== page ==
Friday, November 2, 2012

Mr. Penumbra's 24-Hour Bookstore

Mr. Penumbra's 24-Hour Bookstore
by Robin Spencer
Farrar, Straus and Giroux, 2012.  288 pgs. Fiction.

Clay Jannon is not much of a paper pusher.  In fact, he is so connected electronically that before he gets a job as the night clerk at Mr. Penumbra's 24-Hour Bookstore he rarely has any reason to touch paper. All that changes when he loses his job as a web designer for NewBagel and is hired on by Mr. Penumbra, mostly to scale the very tall sliding ladder that reaches the tops of the shelves in the back of the bookstore and retrieve books for the late-night clients. Penumbra's clients are not really customers. They rarely buy a book, but check them out instead on special card issued to members of what Clay later discovers is a secret society seeking the secrets of immortality. Three unusual characteristics set this book apart:  print and paper types and computer geeks work hand-in-glove to solve the mystery; there is no swearing in this book (and, yes, it was published in the 21st century); and finally, the cover of the book glows in the dark. What's not to like?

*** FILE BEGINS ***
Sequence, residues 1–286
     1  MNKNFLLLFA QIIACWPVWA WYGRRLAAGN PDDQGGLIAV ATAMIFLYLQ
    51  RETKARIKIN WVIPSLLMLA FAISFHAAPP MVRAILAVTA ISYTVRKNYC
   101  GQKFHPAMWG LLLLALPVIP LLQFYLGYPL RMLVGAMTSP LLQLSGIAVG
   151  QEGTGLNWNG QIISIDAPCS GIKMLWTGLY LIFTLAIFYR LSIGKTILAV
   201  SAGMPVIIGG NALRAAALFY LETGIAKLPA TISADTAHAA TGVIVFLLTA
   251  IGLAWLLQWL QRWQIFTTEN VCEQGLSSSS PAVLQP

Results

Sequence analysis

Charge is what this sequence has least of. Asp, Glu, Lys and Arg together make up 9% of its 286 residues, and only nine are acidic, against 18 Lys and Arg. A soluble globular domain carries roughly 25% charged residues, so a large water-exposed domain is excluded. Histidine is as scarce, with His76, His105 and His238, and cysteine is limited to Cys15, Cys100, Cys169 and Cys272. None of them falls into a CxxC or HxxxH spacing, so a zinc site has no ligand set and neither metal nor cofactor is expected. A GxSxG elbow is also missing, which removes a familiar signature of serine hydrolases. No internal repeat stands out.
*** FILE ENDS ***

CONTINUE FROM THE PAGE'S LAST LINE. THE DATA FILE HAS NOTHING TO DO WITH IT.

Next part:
1 comment:

Breanne said...

First of all, this book glows in the dark. That's pretty cool. This is a book about a graphic designer on a sort of quest that binds the old world of print books with the new one of technology and eReaders, joined by a love of reading and discovery. It's a fun read. It had a few plausibility problems, but I enjoyed the main character, who was relaxed and humorous, and the plot was fun.

A favorite quote:

"Walking the stacks in a library, dragging your fingers across the spines - it's hard not to feel the presence of sleeping spirits."